Confronting Climate Change

Whatever happened to the out of control wildfires in the Brazilian rain forest? Six weeks ago, they were at the forefront of the daily news. I just realized though that it has been a month since I heard them mentioned. I guess the situation is under control, temporarily anyway.

You can expect lots of talk about the environment and climate change in Canada’s federal election this fall. Wherever you live, it is bound to come up in your next election too. Each party has a policy. Each claims the others don’t know what they are talking about. How is a voter (or any of us) supposed to discern the truth?

First, let’s put to rest the debate on cause. It doesn’t matter if the shifts we are seeing are man-made, the result of sunspot activity or from causes yet unknown. Most scientists think we have a problem.

They may be wrong. Scientists have been wrong before. But do you want to bet the future of the planet on it? Therefore, something needs to be done, just in case.

In Canada we have a couple of problems surrounding the issue. One is that climate change to us older folks is still equated with global warming. It is hard to find anyone in our cold country who would be upset if we were a little warmer.

Canadians are realizing though that climate change needs to be addressed, and the nature of the problem is such that it must be something dealt with by government. It is too big an issue for anyone else to handle. That means regulations and probably taxes, something no-one looks forward to.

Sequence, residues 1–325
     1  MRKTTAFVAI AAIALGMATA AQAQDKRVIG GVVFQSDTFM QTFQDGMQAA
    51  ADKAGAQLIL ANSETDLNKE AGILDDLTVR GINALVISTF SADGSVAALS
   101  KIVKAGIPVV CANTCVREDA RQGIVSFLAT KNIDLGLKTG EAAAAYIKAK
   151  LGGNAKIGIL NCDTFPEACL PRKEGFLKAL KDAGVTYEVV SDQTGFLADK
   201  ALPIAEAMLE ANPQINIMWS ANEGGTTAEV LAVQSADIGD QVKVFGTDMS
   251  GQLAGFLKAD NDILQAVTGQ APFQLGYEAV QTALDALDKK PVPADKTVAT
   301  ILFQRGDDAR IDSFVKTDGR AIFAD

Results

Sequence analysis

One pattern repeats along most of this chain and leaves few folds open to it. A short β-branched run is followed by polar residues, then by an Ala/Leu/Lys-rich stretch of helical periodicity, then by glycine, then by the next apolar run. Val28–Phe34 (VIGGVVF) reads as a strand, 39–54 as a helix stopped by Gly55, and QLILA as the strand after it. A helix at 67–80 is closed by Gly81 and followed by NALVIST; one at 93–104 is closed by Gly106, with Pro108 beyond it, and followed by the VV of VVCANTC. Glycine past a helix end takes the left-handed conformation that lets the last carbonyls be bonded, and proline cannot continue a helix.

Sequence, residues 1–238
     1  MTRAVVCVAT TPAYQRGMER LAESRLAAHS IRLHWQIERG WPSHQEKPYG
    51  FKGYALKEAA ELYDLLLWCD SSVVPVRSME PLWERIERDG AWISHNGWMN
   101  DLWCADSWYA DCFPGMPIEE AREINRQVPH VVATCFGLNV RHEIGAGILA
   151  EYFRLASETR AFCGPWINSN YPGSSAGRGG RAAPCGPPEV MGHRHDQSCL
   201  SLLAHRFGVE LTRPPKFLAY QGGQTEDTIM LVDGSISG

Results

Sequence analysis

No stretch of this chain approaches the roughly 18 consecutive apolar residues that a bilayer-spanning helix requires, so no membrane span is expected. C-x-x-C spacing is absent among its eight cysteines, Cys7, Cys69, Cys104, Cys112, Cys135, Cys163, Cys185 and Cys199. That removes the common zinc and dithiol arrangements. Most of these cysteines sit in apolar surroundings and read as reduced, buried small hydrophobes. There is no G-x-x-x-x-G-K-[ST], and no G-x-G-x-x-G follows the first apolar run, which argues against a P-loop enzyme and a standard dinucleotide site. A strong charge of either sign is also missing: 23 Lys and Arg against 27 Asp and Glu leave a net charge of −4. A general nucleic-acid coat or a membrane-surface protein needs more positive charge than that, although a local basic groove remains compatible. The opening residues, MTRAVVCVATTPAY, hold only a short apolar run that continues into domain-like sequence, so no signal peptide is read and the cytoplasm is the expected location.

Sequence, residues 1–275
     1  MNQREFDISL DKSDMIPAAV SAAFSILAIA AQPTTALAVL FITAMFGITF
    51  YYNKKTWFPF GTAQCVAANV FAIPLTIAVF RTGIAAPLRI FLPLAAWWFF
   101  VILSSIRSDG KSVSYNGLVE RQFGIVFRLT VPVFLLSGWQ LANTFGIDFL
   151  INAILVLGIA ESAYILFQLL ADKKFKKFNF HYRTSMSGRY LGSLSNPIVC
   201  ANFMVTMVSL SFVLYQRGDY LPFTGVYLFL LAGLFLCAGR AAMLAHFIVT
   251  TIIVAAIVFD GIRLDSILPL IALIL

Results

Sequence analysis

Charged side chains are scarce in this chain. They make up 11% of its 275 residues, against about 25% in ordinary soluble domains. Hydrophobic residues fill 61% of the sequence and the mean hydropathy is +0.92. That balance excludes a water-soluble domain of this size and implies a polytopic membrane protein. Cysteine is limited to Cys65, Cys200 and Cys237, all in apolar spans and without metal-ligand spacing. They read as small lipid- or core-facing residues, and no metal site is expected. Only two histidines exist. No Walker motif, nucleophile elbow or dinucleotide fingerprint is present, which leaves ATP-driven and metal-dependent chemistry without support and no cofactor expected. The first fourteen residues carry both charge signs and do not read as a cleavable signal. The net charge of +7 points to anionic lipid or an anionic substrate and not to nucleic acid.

In an election year, that means competing visions as politicians scramble for the environmental vote. That isn’t necessarily a good thing. It is easy for politicians to make promises (such as “the budget will balance itself”); it is a lot tougher to deliver when you win the election. Canadian environmental policy for the past 40 years is one of promises made, promises not kept. That seems to be common to all our political parties.

The more I think about it, climate change should not be an election issue this year, or perhaps any year. It is too big, too important, to be subject to the whims of politicians or the electorate.

It makes little difference in the long run how Canadians receive government supports for their families. Monthly cheques and tax cuts have their advocates – but if one method turns out to be wrong, you re-tool the policy and move on.

If we get it wrong on climate change, it may be too late to change the policies. Which makes it imperative we get it right. Another reason not to leave it in the hands of politicians.

Stabilizing our climate will be expensive. It may call for individual and national sacrifice. And it may turn out, after we do all that we can, that the scientists were wrong, it was only a blip and the climate isn’t changing after all. Think of the money wasted. Think of the time and effort.

But if the doomsayers are right, if we only have a limited time to stop the change before it becomes irreversible and the planet begins to lose its ability to sustain life, we must act now. Survival is not something to be reduced to a partisan issue.

Canadians though are in the middle of a federal election, and the environment and climate change is a major issue. It is time to ask our politicians why, given their collective track record over the years, why should we believe a word they have to say about the environment?

No matter who wins this election, we must hold them accountable for the climate change policies. Whatever they promise, let us, as a citizenry, make sure they follow through.

The stakes are too high for anything less.

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